Keep the gold in the ground: Avoiding man-made disaster in Haiti

Newmont Eurasian exploratory drill site near Grand Bois in Haiti’s north.
Credit: Ben Depp

 

By Ellie Happel, Haiti Liberté, Dec. 20, 2017

When Haiti’s Parliament reconvenes in January 2018, awaiting it will be a draft law that could start a gold rush in Haiti.

Drafted with the World Bank’s technical support in 2013 and 2014, the law would replace the current mining code. Company and government officials agree that the mining code is outdated and have identified it as the key obstacle to future mining of gold and other metals in Haiti’s soil. Despite repeated requests made by the Kolektif Jistis Min (KJM), a collective of Haitian social movement organizations that support communities affected by metal mining, the law before Parliament today has not been made available to the public.

The lack of access to information about Haiti’s mining sector is a longstanding problem. In 2013, the Haitian Senate passed a resolution calling for a moratorium on mining, citing the “opacity” of information about the country’s mineral resources. When, at the end of 2012, the Office of Mines and Energy granted three exploitation permits, which allow companies to build a mine, a Senator on the relevant oversight committee said that he learned of the permits on the radio.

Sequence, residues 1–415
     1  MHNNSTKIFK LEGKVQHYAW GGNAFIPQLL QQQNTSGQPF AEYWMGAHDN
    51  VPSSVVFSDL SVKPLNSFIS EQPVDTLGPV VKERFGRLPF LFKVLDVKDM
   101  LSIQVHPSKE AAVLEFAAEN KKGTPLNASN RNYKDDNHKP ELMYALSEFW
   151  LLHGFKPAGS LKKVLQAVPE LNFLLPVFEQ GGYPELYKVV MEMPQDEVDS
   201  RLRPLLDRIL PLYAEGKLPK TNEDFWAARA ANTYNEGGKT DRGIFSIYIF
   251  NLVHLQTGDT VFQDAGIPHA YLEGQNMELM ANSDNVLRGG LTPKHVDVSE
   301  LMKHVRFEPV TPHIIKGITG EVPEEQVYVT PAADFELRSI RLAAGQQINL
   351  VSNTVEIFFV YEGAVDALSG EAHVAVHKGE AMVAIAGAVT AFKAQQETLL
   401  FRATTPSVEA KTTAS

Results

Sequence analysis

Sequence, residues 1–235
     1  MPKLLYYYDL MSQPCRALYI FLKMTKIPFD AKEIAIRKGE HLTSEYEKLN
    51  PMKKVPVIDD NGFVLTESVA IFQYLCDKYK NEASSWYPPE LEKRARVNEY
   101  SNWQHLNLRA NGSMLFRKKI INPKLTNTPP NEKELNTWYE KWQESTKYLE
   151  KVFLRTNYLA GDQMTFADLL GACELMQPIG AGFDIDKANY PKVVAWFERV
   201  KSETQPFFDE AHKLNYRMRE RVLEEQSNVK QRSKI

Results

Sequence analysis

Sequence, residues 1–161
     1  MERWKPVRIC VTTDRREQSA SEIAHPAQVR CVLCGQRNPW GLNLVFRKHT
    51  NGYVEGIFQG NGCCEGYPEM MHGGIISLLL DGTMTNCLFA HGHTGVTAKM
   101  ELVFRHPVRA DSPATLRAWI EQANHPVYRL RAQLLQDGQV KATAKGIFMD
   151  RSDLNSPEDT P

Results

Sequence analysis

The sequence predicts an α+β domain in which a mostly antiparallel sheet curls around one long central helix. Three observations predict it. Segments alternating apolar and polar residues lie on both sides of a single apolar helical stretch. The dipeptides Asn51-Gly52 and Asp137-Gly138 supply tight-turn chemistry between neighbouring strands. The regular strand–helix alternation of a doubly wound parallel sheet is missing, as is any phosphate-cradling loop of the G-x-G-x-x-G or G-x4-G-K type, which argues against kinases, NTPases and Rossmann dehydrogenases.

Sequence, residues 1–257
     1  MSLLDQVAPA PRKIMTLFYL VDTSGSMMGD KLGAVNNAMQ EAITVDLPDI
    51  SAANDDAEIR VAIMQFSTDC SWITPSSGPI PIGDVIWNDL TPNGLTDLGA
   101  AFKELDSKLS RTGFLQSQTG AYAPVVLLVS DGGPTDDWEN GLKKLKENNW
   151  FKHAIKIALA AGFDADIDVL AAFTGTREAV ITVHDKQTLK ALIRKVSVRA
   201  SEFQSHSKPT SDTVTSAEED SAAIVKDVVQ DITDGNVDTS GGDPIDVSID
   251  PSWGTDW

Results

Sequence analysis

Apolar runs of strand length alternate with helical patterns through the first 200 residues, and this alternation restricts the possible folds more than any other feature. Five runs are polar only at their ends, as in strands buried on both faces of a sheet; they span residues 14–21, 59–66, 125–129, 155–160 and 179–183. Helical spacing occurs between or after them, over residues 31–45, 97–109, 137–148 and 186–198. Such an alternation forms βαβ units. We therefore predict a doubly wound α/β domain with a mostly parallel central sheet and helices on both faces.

A law of such consequence should not be passed without careful review of its contents. There is good reason to believe that the law in Parliament is similar, if not identical, to the draft law that the Global Justice Clinic (GJC) of the NYU School of Law obtained in 2014. GJC provides an extensive analysis of that draft mining law in its report co-authored with Hastings College of Law, Byen Konte, Mal Kalkile? Human Rights and Environmental Risks of Gold Mining in Haiti.

GJC found that this version of the draft law failed to protect Haiti’s environment, violated the Haiti’s 1987 Constitution, and did not respect the rights of Haitian communities. The law prioritized corporate interests over protecting the Haitian people’s well-being.

However, pending legislation must not distract us from the real issue: that mining, especially of gold, should not occur in Haiti at all.

Even in countries with more robust governance and oversight institutions than Haiti, industrial-scale mining has contaminated water resources, increased security threats, forcibly displaced thousands of people, and damaged entire ecosystems for generations. A report published by Earthworks in June 2017 of 27 gold mines in the United States concluded that 100% of the mines suffered at least one spill or accident and that 74% of the mines contaminated local water sources. As a Haitian colleague of mine wondered aloud: “Why would we expect our government to protect our water from toxic mine waste when they do not even dispose of trash?”

Breaking the right kind of ground, El Salvador’s parliamentarians last spring banned all gold and metal mining, a bold move their Haitian counterparts should study and ponder. As one Salvadorean lawmaker summed it up: “water won out over gold.”